Editor’s Note: Good morning! Today’s guest post is from Katheryn Rivas, a writer for online universities. Have a wonderful weekend!
So you’re the new guy (or gal) in the office.
While you may just naturally be on the shyer side or tend to be a loner, if you want to create job stability you need to quickly acclimate to your new environment and get people to like you.
While going to work shouldn’t feel like you’re participating in a popularity contest, you do want to ensure that you are a well-rounded, “likable” employee. This is because experts say when times get rough and the head honchos are forced to give someone the ax, those who are “well liked” at the workplace are the least likely to be let go.
While yes your performance level will always be taken into account, being well liked can definitely help your chances. Not to mention having friends in the office can make the long 8-hour work days fly by.
To learn how to quickly win your new co-workers over, continue reading below.
1. Introduce Yourself
The first thing you need to do is make your rounds and introduce yourself.
If it’s a large company, a mass email may suffice, but introducing yourself in person is highly recommended. Even if your boss introduces you by just telling your team, “here is our new [insert job title here]” you need to formally introduce yourself to individuals.
At this time you want to make a good impression. Smile, actually listen when a co-worker says their name, and give the co-worker a compliment (if it’s sincere)—flattery usually wins people over quite quickly.
2. Accept Invitations
One of the easiest ways to earn acceptance with your co-workers is to simply say “yes” every now and then—yes to lunches, yes to happy hours, and yes to other work-related events and parties (especially in the beginning).
Your coworkers are surely to invite you to join them to lunch for example during your first two weeks, but if you refuse from the start they’ll think you want nothing to do with them and they will eventually stop asking you.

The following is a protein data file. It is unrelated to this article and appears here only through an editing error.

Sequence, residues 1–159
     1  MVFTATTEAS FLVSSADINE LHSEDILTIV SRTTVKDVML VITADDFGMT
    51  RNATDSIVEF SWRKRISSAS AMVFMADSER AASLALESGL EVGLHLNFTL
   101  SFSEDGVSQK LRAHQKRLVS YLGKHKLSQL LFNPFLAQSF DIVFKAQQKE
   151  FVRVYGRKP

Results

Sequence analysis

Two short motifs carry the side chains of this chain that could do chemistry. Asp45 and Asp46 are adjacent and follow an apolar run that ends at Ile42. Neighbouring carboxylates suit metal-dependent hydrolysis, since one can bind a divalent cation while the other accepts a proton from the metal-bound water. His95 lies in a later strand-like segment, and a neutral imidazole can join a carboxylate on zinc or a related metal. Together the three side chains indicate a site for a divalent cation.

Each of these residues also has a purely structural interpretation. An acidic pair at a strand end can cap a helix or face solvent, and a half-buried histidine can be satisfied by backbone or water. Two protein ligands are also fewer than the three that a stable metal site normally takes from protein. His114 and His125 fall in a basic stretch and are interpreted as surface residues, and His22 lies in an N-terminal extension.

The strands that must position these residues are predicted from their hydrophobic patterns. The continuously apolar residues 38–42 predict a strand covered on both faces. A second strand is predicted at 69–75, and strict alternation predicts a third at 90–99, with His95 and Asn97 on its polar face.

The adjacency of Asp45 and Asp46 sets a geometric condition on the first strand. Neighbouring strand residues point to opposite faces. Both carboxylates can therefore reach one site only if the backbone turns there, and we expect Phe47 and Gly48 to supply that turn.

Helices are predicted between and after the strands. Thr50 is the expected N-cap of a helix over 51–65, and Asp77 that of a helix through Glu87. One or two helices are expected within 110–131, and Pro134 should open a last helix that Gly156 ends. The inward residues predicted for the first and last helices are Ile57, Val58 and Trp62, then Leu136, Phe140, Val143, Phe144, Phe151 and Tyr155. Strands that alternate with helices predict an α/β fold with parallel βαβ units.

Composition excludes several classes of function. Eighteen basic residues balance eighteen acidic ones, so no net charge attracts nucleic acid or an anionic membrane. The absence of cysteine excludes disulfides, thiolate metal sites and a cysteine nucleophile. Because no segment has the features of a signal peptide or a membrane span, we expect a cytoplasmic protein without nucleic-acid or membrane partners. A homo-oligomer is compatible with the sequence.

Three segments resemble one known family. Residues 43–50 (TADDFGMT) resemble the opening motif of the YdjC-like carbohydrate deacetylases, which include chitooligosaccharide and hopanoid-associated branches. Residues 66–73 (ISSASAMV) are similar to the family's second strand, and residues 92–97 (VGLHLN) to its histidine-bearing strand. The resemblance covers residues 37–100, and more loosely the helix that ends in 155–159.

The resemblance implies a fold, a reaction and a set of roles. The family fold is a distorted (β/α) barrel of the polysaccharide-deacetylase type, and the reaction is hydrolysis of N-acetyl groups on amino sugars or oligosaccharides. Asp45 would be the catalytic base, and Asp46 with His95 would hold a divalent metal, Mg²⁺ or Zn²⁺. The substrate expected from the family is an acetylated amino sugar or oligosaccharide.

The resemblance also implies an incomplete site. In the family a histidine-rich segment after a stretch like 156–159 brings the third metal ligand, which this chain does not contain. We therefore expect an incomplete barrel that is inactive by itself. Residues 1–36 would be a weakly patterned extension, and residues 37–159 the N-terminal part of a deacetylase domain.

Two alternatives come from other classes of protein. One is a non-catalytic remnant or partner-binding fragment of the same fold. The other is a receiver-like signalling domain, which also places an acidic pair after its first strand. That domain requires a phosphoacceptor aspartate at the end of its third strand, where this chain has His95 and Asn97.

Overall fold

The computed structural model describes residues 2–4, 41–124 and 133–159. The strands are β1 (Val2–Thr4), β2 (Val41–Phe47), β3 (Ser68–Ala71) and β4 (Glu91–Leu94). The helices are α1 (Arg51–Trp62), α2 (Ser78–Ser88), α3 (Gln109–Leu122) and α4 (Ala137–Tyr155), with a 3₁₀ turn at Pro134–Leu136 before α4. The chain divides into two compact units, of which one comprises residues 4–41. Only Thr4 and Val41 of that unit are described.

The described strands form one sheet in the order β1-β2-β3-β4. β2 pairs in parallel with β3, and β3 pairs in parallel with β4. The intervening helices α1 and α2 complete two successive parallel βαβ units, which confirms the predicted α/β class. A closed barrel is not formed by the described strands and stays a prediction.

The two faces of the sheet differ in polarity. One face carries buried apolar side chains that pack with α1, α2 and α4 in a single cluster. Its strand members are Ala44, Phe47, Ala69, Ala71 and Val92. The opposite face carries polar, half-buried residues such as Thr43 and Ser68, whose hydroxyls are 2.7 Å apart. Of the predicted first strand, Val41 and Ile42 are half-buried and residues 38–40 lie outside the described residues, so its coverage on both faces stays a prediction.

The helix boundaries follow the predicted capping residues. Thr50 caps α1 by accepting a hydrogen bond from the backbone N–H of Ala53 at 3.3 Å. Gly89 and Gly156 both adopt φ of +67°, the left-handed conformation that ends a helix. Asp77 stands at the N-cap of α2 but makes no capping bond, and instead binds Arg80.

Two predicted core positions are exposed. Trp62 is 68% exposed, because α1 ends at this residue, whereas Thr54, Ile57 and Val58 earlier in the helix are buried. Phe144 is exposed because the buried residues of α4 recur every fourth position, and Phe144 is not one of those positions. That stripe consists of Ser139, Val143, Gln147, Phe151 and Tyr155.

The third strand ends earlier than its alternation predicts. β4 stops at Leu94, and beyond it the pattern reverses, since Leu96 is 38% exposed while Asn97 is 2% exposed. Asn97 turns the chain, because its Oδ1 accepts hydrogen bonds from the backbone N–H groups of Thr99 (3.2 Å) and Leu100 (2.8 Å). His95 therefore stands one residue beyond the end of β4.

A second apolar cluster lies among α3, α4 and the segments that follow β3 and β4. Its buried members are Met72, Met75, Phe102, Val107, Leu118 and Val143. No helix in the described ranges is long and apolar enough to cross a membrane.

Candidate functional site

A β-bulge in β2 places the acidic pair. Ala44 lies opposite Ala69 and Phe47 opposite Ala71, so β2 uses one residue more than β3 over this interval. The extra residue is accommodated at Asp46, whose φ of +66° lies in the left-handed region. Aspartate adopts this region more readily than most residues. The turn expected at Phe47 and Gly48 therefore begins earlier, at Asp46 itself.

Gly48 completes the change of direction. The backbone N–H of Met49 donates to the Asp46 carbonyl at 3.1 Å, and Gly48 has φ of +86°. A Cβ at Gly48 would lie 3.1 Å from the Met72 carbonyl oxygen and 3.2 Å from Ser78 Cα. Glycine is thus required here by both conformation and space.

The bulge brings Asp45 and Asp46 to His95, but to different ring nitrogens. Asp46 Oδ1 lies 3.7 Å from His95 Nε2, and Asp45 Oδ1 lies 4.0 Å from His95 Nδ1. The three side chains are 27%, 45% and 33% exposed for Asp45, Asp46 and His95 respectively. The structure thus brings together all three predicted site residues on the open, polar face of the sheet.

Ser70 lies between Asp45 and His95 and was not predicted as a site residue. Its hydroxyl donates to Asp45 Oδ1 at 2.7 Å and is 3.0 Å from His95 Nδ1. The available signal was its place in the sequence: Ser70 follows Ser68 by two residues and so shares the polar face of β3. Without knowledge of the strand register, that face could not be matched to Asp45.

So even if you brought your wholesome peanut butter and jelly sandwich to work, save it for later and go with your co-workers to lunch. That’s not to say that you have to say yes to everything, but every now and then give-in.
3. Know Your Place
While you may be highly ambitious and have some great ideas on how your new employer can modify and improve business, you don’t want to start off as a Mr. or Ms. Know-It-All.
Follow protocol and orders, meaning don’t constantly question instated procedures and motives, especially those given to you by your superiors.
People will start to think,” Who is this outsider trying to tell us how to do our job?”
You have plenty of time to suggest new concepts and ideas once you finally become an insider.
4. Do Not Get Involved in Cliques
High school may be long over but “cliques” still thrive strong, even in the workplace.
While these groups alienate some fellow co-workers by excluding them from lunches, happy hours and other non-work related activities, you want to steer clear from being a member of any clique.
Your goal, on the other hand, is to strive to become what some refer to as a “floater”—someone who can bounce from clique-to-clique. You want to be friends with everyone not just one particular group of people.
Besides, being too cliquey isn’t a good idea anyway. Like the expression goes, “you are who your friends are” and you can be judged just by your association with a particular group.
For example, if an employee is terminated and leaves in a rather hostile manner, you risk being labeled as hostile too.
On a similar note, you always want to refrain from gossiping at all costs, no matter how tempting or how badly you need to vent. This is the fastest way for you to make enemies.
Remember, you want to be like Switzerland: neutral.
5. Give Positive Feedback
Lastly, it’s important that you support your co-workers and congratulate them whenever they accomplish something great.
It’s also equally as important that you give them credit whenever it is due—did your coworker help you do research for a project you boss recommended you for?
Tell your boss you couldn’t have done it without [insert name of co-worker here]. It will make your co-worker(s) feel appreciated and in-turn they should appreciate you as well.
What tips do you have for getting along with coworkers in a new environment? Please share in the comments below.
image courtesy of evz.ro